Over 26 million people in the United States (roughly 8%) experience seasonal allergies. Unfortunately, seasonal allergies are largely impacted by genetics and the environment. However, recent studies suggest that consuming adequate omega-3 fatty acids, prebiotics, and probiotics may help to relieve the runny nose and watery eyes you experience during certain times of the year. Other tips for reducing symptoms related to seasonal allergies are to avoid tobacco and to get plenty of sleep at night (7-9 hours).
Sources of omega-3 fatty acids include:
- chia seeds
- ground flaxseed
- hemp seeds
- fatty fish (salmon, tuna, mackerel, herring, and trout).
Sources of prebiotics include:
- whole grains
- whole rolled oats
Sources of probiotics include:
Seasonal allergies can also be linked to certain food allergies. Pollen food allergy syndrome, also known as oral allergy syndrome (OAS), occurs when a protein in a fruit, vegetable, or nut that is similar to a protein in allergy-causing pollen causes you to have a reaction. In other words, the body mistakes a protein in a certain food for an allergy-causing pollen protein, causing you to have a reaction to that food.
For example, some people experience redness, swelling, and itching of the mouth and tongue when they eat a banana. They may have a ragweed allergy, and their body mistakes a certain protein in bananas for the protein found in ragweed pollen that causes the allergy. The structure of the proteins is so similar that it confuses the immune system.
The good news is, most of the time the reaction does not last long and is not life-threatening. It is typically specific to the mouth and not systemic. If you experience a systemic reaction (like anaphylactic shock) with certain foods, it is recommended you see an allergist.
One out of five individuals with grass allergies and seven out of ten individuals with birch tree allergies suffer from oral allergy syndrome. This means that not everyone with seasonal allergies experiences OAS. Those with grass allergies may experience a reaction when eating tomatoes or potatoes. Those with ragweed allergies may experience a reaction when eating melons, zucchini, cucumber, or bananas.
Those with birch tree allergies may experience a reaction when eating celery, kiwi, cherries, hazelnuts, almonds, pears, plums, peaches, carrots, or apples. If you find that you tolerate a certain fruit or vegetable peeled better than raw, it’s possible that the fruit or vegetable came in contact with the allergy-causing pollen.
If you have OAS, it is recommended that you experiment with different fruits and vegetables in their raw, cooked, canned, and dried states. Often, people with OAS who do not tolerate a certain raw fruit or vegetable will tolerate that food once it has been cooked. The reason for this may be related to the breakdown of the protein during the cooking process.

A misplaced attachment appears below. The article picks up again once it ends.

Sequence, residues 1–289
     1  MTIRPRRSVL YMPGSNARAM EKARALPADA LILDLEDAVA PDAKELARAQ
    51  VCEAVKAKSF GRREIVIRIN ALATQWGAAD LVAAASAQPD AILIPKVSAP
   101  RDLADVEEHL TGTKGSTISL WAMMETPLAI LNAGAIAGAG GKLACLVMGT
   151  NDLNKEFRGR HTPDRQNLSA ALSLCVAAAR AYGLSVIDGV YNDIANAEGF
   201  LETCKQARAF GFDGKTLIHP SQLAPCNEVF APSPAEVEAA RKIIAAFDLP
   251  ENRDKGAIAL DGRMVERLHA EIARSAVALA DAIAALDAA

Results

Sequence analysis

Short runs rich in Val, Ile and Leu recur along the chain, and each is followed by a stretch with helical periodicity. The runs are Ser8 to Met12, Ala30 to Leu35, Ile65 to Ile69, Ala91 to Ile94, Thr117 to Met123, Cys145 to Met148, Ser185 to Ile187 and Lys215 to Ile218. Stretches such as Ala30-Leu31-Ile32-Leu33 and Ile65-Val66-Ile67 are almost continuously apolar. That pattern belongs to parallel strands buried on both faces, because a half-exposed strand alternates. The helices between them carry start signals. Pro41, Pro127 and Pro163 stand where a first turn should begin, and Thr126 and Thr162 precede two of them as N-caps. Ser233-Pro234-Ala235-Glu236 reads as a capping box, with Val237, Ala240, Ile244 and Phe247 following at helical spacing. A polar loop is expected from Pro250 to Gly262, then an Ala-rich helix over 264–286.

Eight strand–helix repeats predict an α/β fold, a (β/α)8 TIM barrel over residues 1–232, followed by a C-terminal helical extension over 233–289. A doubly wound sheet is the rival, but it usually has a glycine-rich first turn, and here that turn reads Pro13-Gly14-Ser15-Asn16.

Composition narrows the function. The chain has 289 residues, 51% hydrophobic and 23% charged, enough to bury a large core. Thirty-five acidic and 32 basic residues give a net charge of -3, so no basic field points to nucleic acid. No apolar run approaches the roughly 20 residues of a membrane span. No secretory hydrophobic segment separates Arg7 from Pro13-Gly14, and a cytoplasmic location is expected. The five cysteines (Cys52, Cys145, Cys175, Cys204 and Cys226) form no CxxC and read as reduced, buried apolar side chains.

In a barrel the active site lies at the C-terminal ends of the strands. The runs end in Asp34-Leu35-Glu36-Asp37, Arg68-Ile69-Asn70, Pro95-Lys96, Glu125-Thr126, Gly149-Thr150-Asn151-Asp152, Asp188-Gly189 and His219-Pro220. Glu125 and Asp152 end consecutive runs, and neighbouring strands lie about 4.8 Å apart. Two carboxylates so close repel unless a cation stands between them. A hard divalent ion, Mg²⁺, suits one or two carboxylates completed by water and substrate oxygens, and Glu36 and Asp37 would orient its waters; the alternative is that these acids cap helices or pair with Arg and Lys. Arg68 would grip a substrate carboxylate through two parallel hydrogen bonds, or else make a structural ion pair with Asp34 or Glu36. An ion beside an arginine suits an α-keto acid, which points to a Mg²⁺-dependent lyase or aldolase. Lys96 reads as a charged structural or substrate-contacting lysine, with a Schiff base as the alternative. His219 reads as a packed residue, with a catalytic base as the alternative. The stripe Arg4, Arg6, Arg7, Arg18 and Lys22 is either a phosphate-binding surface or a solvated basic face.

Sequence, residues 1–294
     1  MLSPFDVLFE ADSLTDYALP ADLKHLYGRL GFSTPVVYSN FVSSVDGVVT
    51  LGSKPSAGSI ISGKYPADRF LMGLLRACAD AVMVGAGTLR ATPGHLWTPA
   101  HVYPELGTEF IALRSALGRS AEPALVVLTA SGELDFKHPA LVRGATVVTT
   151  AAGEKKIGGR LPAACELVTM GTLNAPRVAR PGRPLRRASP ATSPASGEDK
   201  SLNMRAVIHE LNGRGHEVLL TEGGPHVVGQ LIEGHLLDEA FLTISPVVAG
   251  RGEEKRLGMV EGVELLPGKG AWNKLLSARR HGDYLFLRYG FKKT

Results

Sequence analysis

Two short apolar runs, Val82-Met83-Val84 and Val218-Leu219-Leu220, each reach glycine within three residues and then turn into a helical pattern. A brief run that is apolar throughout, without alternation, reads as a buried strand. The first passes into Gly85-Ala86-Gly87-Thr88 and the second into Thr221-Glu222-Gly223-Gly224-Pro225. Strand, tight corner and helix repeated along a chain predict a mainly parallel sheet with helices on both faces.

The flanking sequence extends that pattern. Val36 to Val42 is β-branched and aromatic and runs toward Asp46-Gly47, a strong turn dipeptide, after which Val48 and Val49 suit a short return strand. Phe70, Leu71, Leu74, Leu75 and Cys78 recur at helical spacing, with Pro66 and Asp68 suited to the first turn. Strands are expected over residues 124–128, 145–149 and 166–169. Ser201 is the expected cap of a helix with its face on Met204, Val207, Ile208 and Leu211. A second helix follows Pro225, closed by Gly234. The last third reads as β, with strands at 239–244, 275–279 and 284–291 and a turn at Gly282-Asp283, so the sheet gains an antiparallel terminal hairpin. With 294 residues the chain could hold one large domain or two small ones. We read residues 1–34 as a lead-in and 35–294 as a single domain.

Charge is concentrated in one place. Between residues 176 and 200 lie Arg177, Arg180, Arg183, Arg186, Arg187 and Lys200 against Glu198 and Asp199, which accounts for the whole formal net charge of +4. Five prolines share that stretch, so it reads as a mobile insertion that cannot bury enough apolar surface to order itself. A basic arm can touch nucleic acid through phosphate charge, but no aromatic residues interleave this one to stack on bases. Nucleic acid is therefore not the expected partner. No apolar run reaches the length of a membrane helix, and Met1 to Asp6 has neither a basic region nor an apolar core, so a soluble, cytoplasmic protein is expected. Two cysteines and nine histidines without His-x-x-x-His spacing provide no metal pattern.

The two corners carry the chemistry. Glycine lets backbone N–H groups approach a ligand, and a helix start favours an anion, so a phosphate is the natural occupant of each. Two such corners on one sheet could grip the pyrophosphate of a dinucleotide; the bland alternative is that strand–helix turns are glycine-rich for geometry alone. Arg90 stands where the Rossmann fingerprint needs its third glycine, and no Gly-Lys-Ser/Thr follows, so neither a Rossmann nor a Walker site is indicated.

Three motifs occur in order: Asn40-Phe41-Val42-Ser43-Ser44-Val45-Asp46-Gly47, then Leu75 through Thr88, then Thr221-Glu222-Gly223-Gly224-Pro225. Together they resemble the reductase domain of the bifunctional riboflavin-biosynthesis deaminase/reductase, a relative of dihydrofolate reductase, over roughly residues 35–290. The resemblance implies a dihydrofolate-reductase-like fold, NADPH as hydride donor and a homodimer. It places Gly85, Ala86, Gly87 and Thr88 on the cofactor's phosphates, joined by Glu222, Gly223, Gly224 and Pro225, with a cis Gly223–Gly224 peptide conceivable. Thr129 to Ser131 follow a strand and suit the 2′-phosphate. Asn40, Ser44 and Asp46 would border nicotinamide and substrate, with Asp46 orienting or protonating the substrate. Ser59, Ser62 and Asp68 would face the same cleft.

Washing and/or peeling raw fruits and vegetables can also be the difference between experiencing a reaction and tolerating a specific food, especially if the reason for the reaction was the food coming into physical contact with an allergy-causing protein. Consider consulting with an allergist for any additional concerns you may have with seasonal or food allergies.
1. Güvenç IA, Muluk NB, Mutlu FŞ, Eşki E, Altıntoprak N, Oktemer T, Cingi C. Do probiotics have a role in the treatment of allergic rhinitis? A comprehensive systematic review and meta-analysis. Am J Rhinol Allergy. 2016 Sep 1;30(5):157-175. doi: 10.2500/ajra.2016.30.4354. Epub 2016 Jul 20. PMID: 27442711.
2. Miyata J, Arita M. Role of omega-3 fatty acids and their metabolites in asthma and allergic diseases. Allergology International. 2014 August 1;64(1):27-34.
3. Furahjelm C, Warstedt C, Larsson J, et al. Fish oil supplementation in pregnancy and lactation may decrease the risk of infant allergy. Acta Paediatr. 2009;98(9):1461-1467.
Kristi Edwards, co-founder and owner of 901 Nutrition, LLC, is a licensed and registered dietitian in Memphis. Kristi has several years of experience with chronic kidney disease and is passionate about helping clients implement dietary changes that can delay and prevent the need for dialysis. Kristi also helps clients ditch dieting for good, through intuitive eating and the enjoyment of food. To learn more about 901 Nutrition or to subscribe to their free newsletter for monthly recipe books, visit 901nutrition.com. You can also follow 901 Nutrition on Facebook, Instagram, Twitter, and LinkedIn. To reach Kristi, call 901.800.9526 or email firstname.lastname@example.org.